According to the documentary The Brooklyn Connection, M82s smuggled into Kosovo by sympathizers in the United States have quickly become popular long range sniper rifles in the Kosovo Liberation Army. In Northern Ireland during the 1990s, the South Armagh Brigade of the Provisional Irish Republican Army (IRA) maintained an extremely effective and intensive sniping campaign against the British Army and Royal Ulster Constabulary police. The Barrett rifle was used, and in 1997 it killed the last British soldier to die in the conflict, Stephen Restorick, in Northern Ireland. Later a top IRA sniper, Michael Caraher, was arrested and his Barrett rifle was captured by British forces.

As a side note, the Barrett M82A1 rifle was used in 2002 as a platform for the experimental OSW (Objective Sniper Weapon) prototype. This weapon was fitted with a shorter barrel of 25mm caliber, and fired high explosive shells developed for the 25x59mm OCSW automatic grenade launcher. The experimental OSW showed an increased effectiveness against various targets, but the recoil was beyond human limitations. This weapon, also known as the Barrett 'Payload Rifle', has now been designated the XM109.

M82 to M107Edit

The XM107 was originally intended to be a bolt-action sniper rifle, and in fact it was selected by the U.S. Army in a competition between such weapons. However, the decision was made that the US Army did not, in fact, require such a weapon. The rifle originally selected under the trials to be the XM107 was the Barrett M95.

When the Army decided it no longer needed these weapons, it found that it had money already allotted for "XM107 rifles," and rather than deal with this complication, the decision was made to change the M82's designation to M107, and use the money to purchase those type of rifles instead. In summer 2005, the M82 finally emerged from its Army trial phase and was approved for "full materiel release", meaning it was officially adopted as the Long Range Sniper Rifle, Caliber .50, M107.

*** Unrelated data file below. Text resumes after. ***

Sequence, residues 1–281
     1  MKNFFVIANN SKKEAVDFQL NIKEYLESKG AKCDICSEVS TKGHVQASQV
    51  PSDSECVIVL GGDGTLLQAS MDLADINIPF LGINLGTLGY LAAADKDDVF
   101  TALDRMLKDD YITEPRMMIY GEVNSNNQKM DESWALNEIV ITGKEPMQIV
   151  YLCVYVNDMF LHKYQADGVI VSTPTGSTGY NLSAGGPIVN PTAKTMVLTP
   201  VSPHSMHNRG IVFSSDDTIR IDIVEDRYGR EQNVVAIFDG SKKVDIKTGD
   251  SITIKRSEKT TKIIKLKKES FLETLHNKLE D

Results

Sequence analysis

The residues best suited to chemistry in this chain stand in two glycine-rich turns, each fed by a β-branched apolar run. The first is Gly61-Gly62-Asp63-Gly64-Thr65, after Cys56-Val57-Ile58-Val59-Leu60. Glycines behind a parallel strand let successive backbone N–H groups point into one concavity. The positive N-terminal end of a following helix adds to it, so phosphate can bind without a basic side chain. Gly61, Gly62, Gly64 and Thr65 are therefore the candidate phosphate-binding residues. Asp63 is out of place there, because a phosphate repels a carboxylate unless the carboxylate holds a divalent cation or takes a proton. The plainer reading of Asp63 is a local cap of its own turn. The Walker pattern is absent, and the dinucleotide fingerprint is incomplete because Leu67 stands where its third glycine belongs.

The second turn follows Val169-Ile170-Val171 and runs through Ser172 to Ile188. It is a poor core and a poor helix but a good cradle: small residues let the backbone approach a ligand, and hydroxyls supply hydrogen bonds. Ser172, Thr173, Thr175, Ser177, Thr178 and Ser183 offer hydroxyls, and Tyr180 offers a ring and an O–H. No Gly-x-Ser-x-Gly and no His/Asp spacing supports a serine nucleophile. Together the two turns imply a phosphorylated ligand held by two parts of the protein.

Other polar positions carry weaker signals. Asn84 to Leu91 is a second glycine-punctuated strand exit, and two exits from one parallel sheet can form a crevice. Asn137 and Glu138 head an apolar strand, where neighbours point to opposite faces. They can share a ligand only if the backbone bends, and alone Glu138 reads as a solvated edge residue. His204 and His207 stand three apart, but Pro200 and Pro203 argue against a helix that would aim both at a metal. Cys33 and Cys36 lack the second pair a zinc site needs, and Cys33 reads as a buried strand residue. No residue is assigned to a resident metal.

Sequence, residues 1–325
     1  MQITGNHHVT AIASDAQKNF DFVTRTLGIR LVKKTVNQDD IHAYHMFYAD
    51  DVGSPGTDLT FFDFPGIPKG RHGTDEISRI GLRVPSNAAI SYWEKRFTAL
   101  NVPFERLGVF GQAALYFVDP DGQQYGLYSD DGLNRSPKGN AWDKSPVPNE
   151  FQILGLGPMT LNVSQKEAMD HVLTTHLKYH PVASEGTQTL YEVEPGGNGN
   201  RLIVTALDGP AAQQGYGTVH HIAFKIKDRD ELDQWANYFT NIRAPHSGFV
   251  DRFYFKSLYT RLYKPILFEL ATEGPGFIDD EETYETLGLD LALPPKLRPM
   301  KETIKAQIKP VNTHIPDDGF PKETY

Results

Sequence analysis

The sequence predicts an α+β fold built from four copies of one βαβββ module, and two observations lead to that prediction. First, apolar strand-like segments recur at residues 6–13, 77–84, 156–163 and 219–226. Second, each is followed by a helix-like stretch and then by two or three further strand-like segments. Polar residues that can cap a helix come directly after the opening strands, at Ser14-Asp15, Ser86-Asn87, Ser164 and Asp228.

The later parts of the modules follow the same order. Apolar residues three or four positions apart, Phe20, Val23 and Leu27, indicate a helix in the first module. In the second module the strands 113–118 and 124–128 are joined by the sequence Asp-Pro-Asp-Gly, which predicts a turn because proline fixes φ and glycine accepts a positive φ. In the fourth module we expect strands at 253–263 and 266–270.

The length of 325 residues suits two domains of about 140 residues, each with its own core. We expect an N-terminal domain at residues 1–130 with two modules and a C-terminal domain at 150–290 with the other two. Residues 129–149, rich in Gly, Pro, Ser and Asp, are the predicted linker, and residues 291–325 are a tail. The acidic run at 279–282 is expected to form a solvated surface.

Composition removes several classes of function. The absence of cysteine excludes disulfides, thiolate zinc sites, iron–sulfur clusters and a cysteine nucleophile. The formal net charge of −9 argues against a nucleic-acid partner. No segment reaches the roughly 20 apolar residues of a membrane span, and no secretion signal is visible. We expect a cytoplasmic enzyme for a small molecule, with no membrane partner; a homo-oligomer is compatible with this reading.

The Barrett M107 is a .50 caliber, shoulder-fired, semi-automatic, sniper rifle. Like its predecessors the rifle is said to have manageable recoil for a weapon of its size owing to the barrel assembly that itself absorbs force, moving inward toward the receiver against large springs with every shot. Additionally, the weapon's weight and large muzzle brake also assist in recoil reduction. Various changes were made to the original M82A1 to create the M107, with new features such as a lengthened accessory rail, rear grip and monopod socket. Barrett has recently been tasked with developing a lightweight version of the M107 under the "Anti-Materiel Sniper Rifle Congressional Program," and has already come up with a scheme to build important component parts such as the receiver frame and muzzle brake out of lighter weight materials.

The Barrett M107, like previous members of the M82 line, are also referred to as the Barrett "Light Fifty". The designation has in many instances supplanted earlier ones, with the M107 being voted one of 2005's Top 10 Military Inventions by the U.S. Army. Barrett Firearms Manufacturing currently markets the M107 as the M82A1.

Barrett M107CQEdit

A commercial development of the "new" M107, the M107CQ is specifically designed where the firepower of a .50 caliber rifle is required, but the bulk of the M82/M107 series prevents the weapon from being used. The M107CQ is 9" shorter in overall length (all in the barrel) and 5 pounds lighter than the M107. According to the manufacturer the M107CQ is suitable for "use in helicopters, force protection watercraft, tactical scout land vehicles and as an urban soldiers combat multiplier for the close quarter battles of today."

Design detailsEdit

The M82 is a short recoil-operated, semi-automatic, anti-matériel rifle.

When the weapon is fired, the barrel initially recoils for a short distance (about an inch/25mm) being securely locked by the rotating bolt. After the short travel, a cam pin on the bolt engaged in the curved cam track in the receiver turns the bolt to unlock it from the barrel extension. As soon as the bolt unlocks, the accelerator arm strikes it back, transferring part of the recoil energy of the barrel to the bolt to achieve reliable cycling. The barrel is stopped and the bolt continues back to extract and eject the spent case. On its return stroke, the bolt strips the fresh cartridge from the box magazine and feeds it into the chamber and finally locks itself into the barrel extension. The striker also is cocked on the return stroke of the bolt. The gun is fed from a large detachable box magazine holding up to 10 rounds.